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This page supplements The 315th Infantry U.S. Army at the beginning of the Meuse-Argonne Offensive.

The Esnes-Malancourt-Montfaucon Road

From the outset, on the morning of 26 September 1918, there had been only one road available for the use of both the 4th and 79th Divisions. This was the Esnes-Malancourt-Montfaucon Road. But that road was now nothing but a shell-pocked waste of earth and stone, the result of the explosion of thousands of French and German shells during the fighting about Verdun in 1916. It was not a road that could satisfy the transportation needs of two entire divisions, and the morning of 27 September 1918 found the Esnes-Malancourt-Montfaucon Road buried under a hopeless jam of ambulances, artillery, supply trucks, and vehicles of all descriptions. The forward movement of artillery became nearly impossible. (The Official History of the 315th Infantry U.S.A. (Philadelphia, 1920), p. 62-63)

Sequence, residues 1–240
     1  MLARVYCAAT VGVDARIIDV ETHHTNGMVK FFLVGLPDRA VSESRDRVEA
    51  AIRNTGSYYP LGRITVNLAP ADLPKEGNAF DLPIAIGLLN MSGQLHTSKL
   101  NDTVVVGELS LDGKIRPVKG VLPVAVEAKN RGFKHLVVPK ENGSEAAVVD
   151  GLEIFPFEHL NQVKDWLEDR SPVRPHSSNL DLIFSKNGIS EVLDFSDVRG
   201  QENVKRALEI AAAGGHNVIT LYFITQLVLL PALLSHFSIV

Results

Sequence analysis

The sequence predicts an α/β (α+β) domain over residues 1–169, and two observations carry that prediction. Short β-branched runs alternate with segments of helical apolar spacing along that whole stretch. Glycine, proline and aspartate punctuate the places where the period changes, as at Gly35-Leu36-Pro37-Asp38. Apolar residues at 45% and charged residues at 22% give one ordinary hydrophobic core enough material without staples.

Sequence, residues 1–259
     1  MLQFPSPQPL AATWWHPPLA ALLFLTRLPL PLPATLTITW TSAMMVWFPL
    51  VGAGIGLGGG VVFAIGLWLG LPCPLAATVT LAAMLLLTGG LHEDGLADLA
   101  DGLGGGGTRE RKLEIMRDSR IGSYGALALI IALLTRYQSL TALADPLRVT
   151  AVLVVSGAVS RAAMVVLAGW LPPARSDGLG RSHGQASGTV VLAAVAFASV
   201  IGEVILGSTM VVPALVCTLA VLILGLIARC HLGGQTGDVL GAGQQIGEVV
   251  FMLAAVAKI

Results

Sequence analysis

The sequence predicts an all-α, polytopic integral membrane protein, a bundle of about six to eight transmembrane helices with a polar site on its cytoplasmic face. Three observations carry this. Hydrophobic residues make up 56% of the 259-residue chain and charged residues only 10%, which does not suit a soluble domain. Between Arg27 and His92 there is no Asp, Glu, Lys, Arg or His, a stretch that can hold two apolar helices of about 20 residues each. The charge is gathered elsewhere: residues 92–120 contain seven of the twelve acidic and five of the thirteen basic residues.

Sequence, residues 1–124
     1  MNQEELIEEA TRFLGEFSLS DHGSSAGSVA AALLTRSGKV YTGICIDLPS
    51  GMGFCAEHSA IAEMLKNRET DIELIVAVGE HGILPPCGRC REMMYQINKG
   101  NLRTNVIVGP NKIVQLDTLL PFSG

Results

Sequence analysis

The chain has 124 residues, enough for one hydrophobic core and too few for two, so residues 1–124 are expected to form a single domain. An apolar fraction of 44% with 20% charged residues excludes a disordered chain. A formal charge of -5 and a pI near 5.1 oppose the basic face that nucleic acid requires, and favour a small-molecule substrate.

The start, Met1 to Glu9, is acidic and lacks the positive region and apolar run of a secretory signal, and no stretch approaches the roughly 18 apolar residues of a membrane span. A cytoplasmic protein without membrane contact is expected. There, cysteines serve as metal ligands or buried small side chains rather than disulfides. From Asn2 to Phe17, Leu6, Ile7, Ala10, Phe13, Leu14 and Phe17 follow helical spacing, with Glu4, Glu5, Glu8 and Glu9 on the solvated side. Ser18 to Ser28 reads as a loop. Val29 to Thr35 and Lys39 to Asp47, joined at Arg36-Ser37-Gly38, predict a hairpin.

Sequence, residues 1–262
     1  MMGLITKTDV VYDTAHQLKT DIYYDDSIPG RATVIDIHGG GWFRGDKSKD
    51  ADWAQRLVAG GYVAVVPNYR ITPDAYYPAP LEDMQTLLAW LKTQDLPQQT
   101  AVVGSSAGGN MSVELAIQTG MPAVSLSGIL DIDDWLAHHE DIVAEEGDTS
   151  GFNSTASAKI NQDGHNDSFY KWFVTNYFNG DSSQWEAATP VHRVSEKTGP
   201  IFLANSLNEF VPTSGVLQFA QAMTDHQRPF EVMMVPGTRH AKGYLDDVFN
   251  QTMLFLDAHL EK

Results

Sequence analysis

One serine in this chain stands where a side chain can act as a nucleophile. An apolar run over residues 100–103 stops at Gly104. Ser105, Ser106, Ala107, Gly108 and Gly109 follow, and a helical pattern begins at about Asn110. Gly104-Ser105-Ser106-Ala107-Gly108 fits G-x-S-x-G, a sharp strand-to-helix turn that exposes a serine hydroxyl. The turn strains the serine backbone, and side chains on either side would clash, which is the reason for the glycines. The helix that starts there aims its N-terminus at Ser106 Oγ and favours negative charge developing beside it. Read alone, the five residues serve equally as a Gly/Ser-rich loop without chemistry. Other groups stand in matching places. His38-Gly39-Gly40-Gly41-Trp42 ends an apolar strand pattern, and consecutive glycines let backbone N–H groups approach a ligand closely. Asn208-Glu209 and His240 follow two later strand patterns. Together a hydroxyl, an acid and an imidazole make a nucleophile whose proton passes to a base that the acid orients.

The Esnes-Malancourt-Montfaucon Road, France, World War One, 38 KB

"Traffic Jammed Up Behind the Advancing Troops in the Village of Esnes"
The Official History of the 315th Infantry U.S.A. (p. 57)

The URL of this Web page: https://www.roangelo.net/angelo/esnesrd.html
Last revised: 22 March 2005 : 2005-03-22 by Robert [Wesley] Angelo.

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